And so just like to Dave’s point is to say nobody expected 2020, nobody expected this covid thing, but there’s a whole bunch of smart shop owners now that have lived this experience and know what to do if it ever happens again. And they’re going to be ones that flip that switch with a quickness and thrive through the challenge. And we’ve seen that. I mean, I’ve seen some incredible metrics Drive shops, AutoVitals shops, people who are focused on best practices and saying, running that playbook and are able to kind of see what’s coming and adapt. Gosh, we were hearing shops were closing and they’re out of business and they’re asking for deferments. And then there were other shops, their car count was down 50%, their revenue was up 30%, 40%. And they maintained that from the spring all the way through the summer. And then the question is, do I even go back to trying to chase all those cars? I made more money this year than I did last year. I did a lot less cars, 30% less in some cases, but still grew that top line or bottom line.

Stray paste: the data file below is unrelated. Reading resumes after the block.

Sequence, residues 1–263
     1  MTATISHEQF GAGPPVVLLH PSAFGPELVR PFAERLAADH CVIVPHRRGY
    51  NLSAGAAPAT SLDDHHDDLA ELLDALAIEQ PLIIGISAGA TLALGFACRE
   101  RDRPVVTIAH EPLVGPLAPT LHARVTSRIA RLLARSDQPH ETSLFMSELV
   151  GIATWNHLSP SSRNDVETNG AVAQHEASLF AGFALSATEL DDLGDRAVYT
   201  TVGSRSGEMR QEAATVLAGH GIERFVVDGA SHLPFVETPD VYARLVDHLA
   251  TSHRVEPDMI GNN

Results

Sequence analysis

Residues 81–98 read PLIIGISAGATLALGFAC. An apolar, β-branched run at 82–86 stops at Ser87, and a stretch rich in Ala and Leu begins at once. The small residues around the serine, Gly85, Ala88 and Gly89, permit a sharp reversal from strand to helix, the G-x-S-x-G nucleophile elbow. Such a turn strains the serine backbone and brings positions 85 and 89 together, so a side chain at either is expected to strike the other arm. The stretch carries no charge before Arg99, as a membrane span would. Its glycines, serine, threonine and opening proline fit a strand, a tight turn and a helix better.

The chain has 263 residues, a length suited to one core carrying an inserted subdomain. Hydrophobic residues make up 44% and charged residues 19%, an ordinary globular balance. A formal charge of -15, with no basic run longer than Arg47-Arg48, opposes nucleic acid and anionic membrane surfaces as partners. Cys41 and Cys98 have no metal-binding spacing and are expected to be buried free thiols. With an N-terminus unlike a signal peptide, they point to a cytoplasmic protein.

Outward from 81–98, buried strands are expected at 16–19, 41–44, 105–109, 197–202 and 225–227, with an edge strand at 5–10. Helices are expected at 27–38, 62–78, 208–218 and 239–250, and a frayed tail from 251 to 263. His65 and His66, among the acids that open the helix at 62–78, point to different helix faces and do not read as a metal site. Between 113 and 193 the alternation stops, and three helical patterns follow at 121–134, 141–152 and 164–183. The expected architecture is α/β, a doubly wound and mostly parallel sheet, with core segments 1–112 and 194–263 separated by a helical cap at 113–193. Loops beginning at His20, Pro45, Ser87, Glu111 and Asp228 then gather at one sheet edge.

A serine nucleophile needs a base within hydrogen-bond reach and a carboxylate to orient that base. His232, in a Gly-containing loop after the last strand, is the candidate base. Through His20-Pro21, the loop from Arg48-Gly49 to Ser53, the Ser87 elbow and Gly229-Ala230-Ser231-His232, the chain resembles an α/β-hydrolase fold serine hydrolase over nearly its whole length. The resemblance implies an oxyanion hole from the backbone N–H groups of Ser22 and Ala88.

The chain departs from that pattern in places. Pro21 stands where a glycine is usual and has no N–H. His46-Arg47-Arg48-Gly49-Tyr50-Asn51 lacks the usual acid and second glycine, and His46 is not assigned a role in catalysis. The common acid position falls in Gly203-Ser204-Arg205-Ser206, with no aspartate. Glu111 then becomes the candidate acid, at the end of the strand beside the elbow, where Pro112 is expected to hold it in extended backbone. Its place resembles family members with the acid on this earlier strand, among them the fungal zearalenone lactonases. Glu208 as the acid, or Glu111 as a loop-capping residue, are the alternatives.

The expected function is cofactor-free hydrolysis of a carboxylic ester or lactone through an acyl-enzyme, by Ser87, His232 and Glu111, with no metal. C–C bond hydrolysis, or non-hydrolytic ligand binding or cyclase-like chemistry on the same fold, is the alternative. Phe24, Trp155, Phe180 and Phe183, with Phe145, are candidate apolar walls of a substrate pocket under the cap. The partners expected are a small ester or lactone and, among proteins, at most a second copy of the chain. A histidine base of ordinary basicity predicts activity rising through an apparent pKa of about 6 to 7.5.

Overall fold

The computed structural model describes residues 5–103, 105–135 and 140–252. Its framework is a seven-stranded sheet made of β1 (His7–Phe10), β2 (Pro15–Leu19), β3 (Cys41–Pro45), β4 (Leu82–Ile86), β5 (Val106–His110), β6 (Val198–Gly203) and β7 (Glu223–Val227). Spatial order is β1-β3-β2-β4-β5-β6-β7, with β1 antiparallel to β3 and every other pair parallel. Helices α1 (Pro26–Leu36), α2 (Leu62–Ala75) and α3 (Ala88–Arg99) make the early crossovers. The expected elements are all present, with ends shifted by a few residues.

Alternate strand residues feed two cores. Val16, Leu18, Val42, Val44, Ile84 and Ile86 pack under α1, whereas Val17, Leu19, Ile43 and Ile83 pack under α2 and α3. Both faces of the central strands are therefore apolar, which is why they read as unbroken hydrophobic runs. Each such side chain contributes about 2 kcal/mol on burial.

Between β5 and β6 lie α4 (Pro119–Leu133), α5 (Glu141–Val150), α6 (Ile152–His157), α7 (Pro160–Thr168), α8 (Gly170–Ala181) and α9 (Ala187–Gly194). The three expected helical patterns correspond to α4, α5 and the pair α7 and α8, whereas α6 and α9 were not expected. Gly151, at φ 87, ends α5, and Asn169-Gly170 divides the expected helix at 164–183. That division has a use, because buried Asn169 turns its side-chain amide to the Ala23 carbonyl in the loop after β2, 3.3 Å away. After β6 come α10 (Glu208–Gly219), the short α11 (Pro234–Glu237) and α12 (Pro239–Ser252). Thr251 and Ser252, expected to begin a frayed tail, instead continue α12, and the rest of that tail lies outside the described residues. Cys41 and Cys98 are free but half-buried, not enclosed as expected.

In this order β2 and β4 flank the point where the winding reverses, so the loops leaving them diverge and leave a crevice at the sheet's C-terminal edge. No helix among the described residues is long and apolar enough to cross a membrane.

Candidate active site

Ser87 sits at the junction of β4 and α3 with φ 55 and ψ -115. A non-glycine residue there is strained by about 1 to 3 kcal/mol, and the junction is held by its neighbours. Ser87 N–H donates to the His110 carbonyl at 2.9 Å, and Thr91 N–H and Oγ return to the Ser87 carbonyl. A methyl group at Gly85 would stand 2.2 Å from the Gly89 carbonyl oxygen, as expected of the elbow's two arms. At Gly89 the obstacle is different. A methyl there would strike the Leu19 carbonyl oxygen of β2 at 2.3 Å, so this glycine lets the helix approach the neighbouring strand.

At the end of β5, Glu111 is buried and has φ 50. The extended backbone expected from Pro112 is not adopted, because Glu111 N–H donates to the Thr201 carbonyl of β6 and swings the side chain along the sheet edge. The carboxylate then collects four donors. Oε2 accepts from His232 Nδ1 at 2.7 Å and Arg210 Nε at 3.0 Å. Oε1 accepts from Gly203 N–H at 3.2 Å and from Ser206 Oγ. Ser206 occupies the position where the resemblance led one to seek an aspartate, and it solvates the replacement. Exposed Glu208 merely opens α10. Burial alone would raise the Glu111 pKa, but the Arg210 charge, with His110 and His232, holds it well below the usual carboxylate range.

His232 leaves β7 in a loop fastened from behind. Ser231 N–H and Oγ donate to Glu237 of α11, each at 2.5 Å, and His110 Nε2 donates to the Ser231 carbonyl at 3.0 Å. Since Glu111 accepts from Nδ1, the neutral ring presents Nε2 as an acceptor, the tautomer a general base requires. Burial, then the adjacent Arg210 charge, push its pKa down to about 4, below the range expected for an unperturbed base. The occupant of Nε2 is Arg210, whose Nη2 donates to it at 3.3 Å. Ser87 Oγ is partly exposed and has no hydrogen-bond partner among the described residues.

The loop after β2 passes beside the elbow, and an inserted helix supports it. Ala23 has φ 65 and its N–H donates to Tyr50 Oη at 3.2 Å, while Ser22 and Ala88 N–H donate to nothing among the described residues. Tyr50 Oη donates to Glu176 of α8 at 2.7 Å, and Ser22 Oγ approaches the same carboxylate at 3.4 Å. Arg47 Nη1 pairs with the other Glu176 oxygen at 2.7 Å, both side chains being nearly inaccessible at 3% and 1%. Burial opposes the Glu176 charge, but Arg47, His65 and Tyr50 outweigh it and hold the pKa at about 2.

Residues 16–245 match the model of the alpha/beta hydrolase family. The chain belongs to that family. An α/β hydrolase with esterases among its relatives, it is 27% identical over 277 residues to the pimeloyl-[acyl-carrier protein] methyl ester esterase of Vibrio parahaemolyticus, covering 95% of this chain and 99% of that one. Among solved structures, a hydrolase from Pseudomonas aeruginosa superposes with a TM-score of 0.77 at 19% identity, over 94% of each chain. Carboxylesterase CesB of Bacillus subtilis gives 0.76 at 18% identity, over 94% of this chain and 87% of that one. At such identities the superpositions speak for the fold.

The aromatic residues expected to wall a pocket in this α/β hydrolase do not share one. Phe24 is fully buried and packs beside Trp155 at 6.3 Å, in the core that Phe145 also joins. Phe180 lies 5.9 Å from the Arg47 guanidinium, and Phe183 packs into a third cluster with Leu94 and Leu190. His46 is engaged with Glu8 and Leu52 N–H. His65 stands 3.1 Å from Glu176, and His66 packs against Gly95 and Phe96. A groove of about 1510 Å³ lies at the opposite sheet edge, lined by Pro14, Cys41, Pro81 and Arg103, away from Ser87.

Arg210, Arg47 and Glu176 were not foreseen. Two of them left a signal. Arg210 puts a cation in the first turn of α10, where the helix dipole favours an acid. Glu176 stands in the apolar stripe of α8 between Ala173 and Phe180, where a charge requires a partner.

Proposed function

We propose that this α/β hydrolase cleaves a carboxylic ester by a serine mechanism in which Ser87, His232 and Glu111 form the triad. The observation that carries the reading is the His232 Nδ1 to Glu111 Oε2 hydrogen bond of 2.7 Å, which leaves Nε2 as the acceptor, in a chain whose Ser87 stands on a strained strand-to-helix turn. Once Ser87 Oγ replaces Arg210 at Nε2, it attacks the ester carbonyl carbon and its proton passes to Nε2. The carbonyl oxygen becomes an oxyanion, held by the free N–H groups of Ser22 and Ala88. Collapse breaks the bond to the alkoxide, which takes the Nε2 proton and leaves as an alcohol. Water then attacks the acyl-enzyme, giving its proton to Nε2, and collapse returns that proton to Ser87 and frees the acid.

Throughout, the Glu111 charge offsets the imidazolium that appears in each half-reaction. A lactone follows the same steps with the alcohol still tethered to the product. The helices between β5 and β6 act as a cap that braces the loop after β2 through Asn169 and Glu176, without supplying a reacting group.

David Saline (46:43):
Yeah. Just to add to that, Tom, what we’ve seen over at Drive was there was a slowdown in March at the beginning of April. There’s about a one month slowdown in there, but then it’s like somebody flipped a switch. The average AROs went out the roof and then the shop owners started thinking outside the box and they started pick up and delivery services offering other services like We will pick up a few groceries for you, we’ll deliver you some toilet paper. There was all kinds of things that were thought of outside the box. And then next thing we know, shops were slammed with work and we ran across more shops that were in a crunch to hire new employees during the pandemic than anything because they were just exploding with work and they were maximizing on everything that was out there. And the way they did it is they offered an outstanding service.